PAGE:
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A preliminary comparison of the efficacy and tolerability of botulinum toxin serotypes A and B in the treatment of myofascial pain syndrome: a retrospective, open-label chart review.

BACKGROUND: Myofascial pain syndrome (MPS) is characterized by acute or chronic regional muscle pain associated with single or multiple trigger points within taut bands of muscle. Botulinum toxins have clinical utility when sustained focal muscle relaxation is required and may be a useful addition to the treatment armamentarium for MPS.

OBJECTIVE: The purpose of the present article was to compare the efficacy and tolerability of botulinum toxin serotypes A and B (BTX-A and BTX-B) in the treatment of MPS.

METHODS: This was a retrospective, open-label, single-center chart review. Charts of all patients who received either BTX-A or BTX-B for MPS between January and November 2001 were included in the review. Patients rated the intensity of their pain on a visual analog scale (VAS) from 0 = no pain to 10 = worst pain imaginable before and after receiving BTX-A or BTX-B.

RESULTS: The charts of 91 patients (74.7% female, 25.3% male; mean [SD] age, 47 [10.2] years) who received BTX-A (n = 56; mean dose, 256.9 U; range, 100-600 U) or BTX-B (n = 35; mean dose, 9000 U; range, 2500-20,000 U) were included in this retrospective review. Patients who received BTX-A had significantly greater mean reductions in VAS pain scores compared with those who received BTX-B (mean reduction, 2.7 vs 1.8, respectively; P < 0.001). Patients who received BTX-A also reported significantly longer durations of pain relief compared with those who received BTX-B (4.5 vs 2.7) months; P < 0.001). Eight of 56 patients (14.3%) in the group that received BTX-A reported mild adverse events that included flulike symptoms, injection-site pain, and weakness of the neck muscles. Seven of 35 patients (20.0%) in the group that received BTX-B reported adverse events that included mild flulike symptoms, dry eyes, severe visual disturbances, and severe dry mouth.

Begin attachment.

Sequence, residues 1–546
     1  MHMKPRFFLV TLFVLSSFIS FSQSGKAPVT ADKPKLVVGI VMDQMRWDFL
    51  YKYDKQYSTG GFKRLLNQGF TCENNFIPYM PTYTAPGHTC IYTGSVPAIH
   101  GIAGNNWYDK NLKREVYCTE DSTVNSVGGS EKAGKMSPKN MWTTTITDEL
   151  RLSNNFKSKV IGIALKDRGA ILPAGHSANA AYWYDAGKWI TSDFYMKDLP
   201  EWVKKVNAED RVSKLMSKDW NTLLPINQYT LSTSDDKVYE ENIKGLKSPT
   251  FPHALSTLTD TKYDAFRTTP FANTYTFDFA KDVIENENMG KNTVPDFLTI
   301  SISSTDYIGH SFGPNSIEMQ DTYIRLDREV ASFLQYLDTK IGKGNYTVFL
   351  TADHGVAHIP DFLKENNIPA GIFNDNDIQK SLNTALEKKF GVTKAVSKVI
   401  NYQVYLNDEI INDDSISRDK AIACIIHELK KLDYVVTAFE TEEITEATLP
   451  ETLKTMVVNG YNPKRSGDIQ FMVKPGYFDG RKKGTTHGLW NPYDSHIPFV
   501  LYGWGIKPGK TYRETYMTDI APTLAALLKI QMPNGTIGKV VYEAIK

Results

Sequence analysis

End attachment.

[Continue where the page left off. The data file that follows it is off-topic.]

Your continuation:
CONCLUSION: Patients with MPS who received BTX-A reported significantly greater reductions in pain for longer durations compared with those who received BTX-B. No patients who received BTX-A experienced severe systemic adverse events, compared with 4 patients who received BTX-B. The results of this comparison are consistent with the US Food and Drug Administration-approved labeling indicating that BTX-A is not interchangeable with any other botulinum toxin in terms of biological activity.

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